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Sierra Leone: How Independence Was Won

Sierra Leone: How Independence Was Won
  • PublishedSeptember 8, 2011

SierraLeone gained independence from Britain on 27 April 1961. The golden jubilee of that glorious day is this April. It has been an eventful 50 years, and as the nation celebrates, New African devotes this special commemorative report in honour of the people. Prepared by Edward Kargbo.

Like many African leaders at independence, Sir Milton Margai, Sierra Leone’s first prime minister, knew what was coming. He saw the urgent need for national cohesion after the deep divisions that had marred the run-up to independence.

There had been tensions between the “countrymen” (people from the inland “protectorate”) and the Krios in the Western Area who had had a better relationship with the colonial administration, probably because of their education and adopted European lifestyle.

The taste and smell of politics during the run-up to the “independence conference” at Lancaster House in London (known locally as the Constitutional Talks) became unpleasant as rivalry among various political parties and interests became blatantly spiteful. But the time for independence had come. The British were ready to go and nothing could prevent the green, white and blue flag of the new Sierra Leone from replacing the Union Jack.

When Sir Milton led the nation, which was once called Romarong by the indigenous Mende people to independence on 27 April 1961, he was keen on reunifying the people.

He was a man who did not know tribe or region. A medical doctor, he had worked in different parts of the country, made good friends, and gained the admiration of the people and their British colonisers. Sir Milton wanted to see a nation that was strongly united.

In his independence message on 27 April 1961, he made this clarion call to the people: “I ask you to deal fairly and honestly with your fellow men, to discourage lawlessness, and to strive actively for peace, friendship, and unity in our country.”

Sir Milton’s message sounded more like a priest’s homily to a congregation on a Sunday morning. For him, being a leader at that point in time was more than just holding the country’s highest office. He believed that the basic life principles of “honesty” and “fairness” in human relations were crucial to the growth of the nation.

At sixty-six at the time, Sir Milton knew and acknowledged that independence could not bring “sudden change”. What was important was the fact that the people were “now in complete control of [their] destiny”.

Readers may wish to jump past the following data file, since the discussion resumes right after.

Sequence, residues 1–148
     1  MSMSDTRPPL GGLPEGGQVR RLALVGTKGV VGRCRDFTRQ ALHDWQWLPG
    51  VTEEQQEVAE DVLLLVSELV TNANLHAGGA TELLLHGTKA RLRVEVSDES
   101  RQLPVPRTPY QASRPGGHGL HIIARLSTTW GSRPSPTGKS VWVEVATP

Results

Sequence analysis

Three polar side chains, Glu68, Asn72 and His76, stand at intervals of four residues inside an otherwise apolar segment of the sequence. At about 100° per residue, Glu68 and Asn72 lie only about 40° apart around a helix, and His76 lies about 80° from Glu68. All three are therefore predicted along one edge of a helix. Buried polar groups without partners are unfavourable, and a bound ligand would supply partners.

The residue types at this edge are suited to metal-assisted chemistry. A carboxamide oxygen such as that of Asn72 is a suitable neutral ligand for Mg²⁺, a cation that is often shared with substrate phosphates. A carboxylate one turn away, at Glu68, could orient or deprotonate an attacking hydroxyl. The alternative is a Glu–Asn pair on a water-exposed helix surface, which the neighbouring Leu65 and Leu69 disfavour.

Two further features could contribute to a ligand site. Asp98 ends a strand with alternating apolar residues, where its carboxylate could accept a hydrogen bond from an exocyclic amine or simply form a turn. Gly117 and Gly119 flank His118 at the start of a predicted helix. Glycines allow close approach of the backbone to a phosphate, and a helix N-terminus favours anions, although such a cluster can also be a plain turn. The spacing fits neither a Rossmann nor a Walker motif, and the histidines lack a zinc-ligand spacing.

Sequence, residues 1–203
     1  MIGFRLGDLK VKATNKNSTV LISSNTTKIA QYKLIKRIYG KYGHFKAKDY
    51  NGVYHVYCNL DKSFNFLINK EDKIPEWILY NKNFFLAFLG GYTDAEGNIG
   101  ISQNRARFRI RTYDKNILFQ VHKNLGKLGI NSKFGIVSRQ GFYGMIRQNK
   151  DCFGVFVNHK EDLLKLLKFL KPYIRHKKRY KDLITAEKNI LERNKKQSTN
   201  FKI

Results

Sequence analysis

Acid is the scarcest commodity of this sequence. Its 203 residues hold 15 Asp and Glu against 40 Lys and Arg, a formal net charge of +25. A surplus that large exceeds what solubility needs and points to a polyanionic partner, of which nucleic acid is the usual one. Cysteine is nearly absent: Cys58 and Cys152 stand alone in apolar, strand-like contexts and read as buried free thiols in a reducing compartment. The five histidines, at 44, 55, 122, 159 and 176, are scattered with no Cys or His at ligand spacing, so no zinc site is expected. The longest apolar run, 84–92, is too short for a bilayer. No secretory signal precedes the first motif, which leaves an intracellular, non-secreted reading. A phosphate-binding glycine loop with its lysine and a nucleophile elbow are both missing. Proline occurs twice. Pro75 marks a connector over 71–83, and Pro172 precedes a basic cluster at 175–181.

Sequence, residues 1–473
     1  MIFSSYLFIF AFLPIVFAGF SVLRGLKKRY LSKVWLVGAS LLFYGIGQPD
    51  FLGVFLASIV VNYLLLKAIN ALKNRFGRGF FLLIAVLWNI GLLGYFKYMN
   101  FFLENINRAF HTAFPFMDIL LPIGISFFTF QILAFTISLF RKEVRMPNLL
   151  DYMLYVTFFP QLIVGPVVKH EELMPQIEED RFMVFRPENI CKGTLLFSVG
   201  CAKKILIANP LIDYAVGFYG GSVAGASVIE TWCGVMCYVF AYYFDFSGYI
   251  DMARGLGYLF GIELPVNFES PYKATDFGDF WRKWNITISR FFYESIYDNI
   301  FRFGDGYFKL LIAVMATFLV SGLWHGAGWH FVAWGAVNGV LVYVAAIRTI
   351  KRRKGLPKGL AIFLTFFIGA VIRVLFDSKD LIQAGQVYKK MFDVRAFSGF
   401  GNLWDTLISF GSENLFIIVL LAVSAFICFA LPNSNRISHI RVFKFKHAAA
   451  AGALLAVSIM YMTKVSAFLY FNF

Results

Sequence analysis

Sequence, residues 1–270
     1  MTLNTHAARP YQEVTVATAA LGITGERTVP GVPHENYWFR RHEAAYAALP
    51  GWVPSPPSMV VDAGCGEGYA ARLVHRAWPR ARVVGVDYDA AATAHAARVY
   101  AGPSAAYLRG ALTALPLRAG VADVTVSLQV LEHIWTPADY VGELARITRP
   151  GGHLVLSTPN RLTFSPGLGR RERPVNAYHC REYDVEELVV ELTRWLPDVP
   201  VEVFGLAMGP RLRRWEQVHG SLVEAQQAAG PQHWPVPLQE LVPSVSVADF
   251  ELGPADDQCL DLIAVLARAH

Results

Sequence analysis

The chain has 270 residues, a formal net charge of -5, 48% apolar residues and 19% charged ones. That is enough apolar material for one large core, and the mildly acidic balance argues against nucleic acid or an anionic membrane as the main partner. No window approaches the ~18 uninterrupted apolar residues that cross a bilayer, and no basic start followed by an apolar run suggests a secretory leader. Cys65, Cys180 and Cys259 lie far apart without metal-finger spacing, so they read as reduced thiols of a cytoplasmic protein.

Unfortunately, the polite and conciliatory Sir Milton did not live long enough to actualise his dreams of making the country a place to be proud of. He died in 1964 – barely three years into his reign. It was then that his younger brother, Sir Albert Margai, controversially took over as premier and succeeded in trashing Sir Milton’s dreams of a united and development-driven Sierra Leone.

According to several accounts of history, the young Margai exuberantly turned everything upside down firing some influential members of his elder brother’s government; and creating ethnic and regional divisions, in the process causing the Sierra Leone People’s Party (SLPP) to lose popularity.

These ugly developments subsequently cost the SLPP the tightly contested 1967 elections. The SLPP’s loss gave way to the opposition politician, Siaka Stevens, of the All People’s Congress (APC) gaining power. But the joy of presiding over the first peaceful transfer of political power in Africa from ruling party to the opposition was thwarted within hours, when the Royal Sierra Leone Military Forces under Brigadier David Lansana [loyal to Sir Albert] staged the country’s first coup d’état.

However, within 24 hours, senior military officers divested Brigadier Lansana of his command of the army and later instituted the National Reformation Council (NRC). It took another 13 months and another coup d’état, this time staged by noncommissioned officers, before Siaka Stevens could regain the premiership.

Stevens’ APC, to whom Sierra Leoneans turned for succour after Sir Albert’s disappointing leadership, unleashed what some have called “a reign of terror” and hardship on the people – the very same people that Sir Milton had admonished to be loyal, honest and fair.

Since then, the country has come a long way – through a series of coups and a bloody rebel war. It has been an eventful 50 years for a country that is abundantly endowed with natural resources (diamonds being the chief endowment), and yet remains poor.

Sierra Leone’s 11-year rebel war (1991-2002), occasioned by bad governance and selfishness, has had a heavy toll on the already poor infrastructure and economy.

Eight years after the devastating conflict, the government of President Ernest Bai Koroma is still faced with serious challenges: reconstruction, unity, fairness and honesty – the same things that Sir Milton preached at independence. Divisive politics based on ethnicity and regionalism is perhaps the newest and toughest challenge facing Sierra Leone today.

Politics and elections have become a serious source of tension and division along regional and ethnic lines.

From the opposition viewpoint, the Koroma government’s “discrimination” against the people from the south-east of the country is too blatant. This is certainly a claim of bias that the APC has refuted numerous times. The government argues that the president’s appointment of prominent opposition politicians from the SLPP and other south-easterners from the People’s Movement for Democratic Change (a breakaway party formed by Charles Margai, son of Sir Albert) should be enough reason not to believe the opposition’s ethnicity and regionalism claims.

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New African

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